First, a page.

The end of the quarter really isn’t the time to write brilliant posts. Therefore, NSTA posts will have to wait for a couple of weeks.
I’ve been thinking a lot about a new series of posts. I find that the way I run a physics curriculum for non-traditional physics students* goes against the grain of the way things are “supposed” to be. I have found this “against the grain” approach very successful with my students.
At a session with Raymond Serway (the writer of the Holt Physics textbook), I was encouraged about my approach when Serway very seriously spoke about the mistake that most teachers make: trying to cover the material in a more collegiate way and ending up spending September through January on kinematics alone.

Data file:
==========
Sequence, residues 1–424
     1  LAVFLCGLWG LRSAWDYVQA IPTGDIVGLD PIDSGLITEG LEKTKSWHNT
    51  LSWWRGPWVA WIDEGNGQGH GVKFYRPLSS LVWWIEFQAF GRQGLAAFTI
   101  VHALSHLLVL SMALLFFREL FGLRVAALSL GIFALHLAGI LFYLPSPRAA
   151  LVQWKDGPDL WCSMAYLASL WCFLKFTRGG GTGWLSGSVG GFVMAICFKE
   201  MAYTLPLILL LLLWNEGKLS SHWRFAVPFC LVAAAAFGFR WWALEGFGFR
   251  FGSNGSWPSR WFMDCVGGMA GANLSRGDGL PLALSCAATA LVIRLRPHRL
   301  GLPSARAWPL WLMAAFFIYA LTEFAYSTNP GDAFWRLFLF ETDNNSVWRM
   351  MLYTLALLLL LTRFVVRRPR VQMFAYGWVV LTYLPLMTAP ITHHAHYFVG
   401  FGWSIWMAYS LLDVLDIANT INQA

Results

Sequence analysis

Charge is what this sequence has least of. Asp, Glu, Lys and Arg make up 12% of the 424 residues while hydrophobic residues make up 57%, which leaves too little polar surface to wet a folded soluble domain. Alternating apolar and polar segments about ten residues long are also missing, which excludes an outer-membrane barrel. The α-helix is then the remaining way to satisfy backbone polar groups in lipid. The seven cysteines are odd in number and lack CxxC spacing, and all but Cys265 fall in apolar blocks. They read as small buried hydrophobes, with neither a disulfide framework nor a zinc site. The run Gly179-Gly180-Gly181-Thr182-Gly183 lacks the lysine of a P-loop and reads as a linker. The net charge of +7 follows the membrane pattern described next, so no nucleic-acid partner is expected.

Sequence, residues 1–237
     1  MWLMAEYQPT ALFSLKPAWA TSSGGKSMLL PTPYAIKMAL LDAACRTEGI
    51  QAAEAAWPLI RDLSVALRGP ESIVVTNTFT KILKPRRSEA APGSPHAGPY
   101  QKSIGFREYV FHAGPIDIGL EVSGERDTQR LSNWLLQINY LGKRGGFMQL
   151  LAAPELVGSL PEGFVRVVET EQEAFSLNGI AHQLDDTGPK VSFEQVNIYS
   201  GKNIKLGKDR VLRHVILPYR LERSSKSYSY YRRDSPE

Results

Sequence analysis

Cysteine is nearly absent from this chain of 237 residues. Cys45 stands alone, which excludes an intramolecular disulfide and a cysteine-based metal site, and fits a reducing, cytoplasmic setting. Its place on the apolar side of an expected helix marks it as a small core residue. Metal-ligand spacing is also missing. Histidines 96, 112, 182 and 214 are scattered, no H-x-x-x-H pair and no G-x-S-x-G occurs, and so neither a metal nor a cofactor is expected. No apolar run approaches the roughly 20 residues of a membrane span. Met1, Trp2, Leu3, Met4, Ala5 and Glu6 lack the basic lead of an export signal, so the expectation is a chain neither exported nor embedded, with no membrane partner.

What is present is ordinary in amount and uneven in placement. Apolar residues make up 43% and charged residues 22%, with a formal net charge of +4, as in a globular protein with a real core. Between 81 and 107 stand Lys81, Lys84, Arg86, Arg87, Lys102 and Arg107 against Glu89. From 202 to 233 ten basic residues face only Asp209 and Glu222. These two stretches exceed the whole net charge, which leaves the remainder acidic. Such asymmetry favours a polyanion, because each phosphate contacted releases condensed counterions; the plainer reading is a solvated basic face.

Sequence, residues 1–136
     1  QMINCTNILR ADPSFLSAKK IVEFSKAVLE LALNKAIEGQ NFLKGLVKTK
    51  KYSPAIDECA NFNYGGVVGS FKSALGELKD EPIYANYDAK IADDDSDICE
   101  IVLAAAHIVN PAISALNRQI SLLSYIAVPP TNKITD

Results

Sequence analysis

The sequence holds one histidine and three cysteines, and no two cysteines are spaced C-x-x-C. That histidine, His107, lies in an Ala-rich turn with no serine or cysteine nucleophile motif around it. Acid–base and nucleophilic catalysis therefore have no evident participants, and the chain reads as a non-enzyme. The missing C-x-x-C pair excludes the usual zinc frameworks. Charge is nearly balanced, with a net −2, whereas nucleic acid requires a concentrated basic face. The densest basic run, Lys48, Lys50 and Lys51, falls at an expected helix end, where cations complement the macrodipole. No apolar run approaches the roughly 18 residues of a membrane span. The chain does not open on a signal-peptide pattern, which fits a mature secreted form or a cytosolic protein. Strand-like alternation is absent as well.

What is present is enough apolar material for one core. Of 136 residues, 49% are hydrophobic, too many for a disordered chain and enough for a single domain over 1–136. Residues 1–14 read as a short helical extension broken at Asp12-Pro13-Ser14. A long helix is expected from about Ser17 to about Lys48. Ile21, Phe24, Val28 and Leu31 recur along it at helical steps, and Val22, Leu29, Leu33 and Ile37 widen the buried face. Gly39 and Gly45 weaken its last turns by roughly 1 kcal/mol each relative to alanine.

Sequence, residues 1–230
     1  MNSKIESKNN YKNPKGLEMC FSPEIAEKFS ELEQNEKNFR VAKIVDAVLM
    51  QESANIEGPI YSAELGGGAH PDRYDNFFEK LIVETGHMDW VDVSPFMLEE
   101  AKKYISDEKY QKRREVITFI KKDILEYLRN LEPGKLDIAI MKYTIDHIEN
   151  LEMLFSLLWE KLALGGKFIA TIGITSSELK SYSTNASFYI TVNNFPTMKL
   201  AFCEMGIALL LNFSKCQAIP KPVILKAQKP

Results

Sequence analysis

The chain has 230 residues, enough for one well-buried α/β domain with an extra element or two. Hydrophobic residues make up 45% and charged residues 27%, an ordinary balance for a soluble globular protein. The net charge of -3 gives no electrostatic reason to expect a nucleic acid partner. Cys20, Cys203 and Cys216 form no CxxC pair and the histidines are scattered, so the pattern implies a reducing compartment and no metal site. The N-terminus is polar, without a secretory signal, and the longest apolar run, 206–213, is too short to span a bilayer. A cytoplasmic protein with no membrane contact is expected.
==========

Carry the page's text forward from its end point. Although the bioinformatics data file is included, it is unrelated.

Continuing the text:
I figured that there must be other teachers in the same boat, so I’ll start writing about the teaching techniques, lessons, etc. that have been successful.
Please let me know if there are any particular areas that should be addressed.
*My non-traditional classes are made of 11th and 12th grade students who are mostly enrolled in Algebra 2, some have Trigonometry, and only one or two have any Calculus. About half of these students will attend college after graduation and few will take physics at the college level.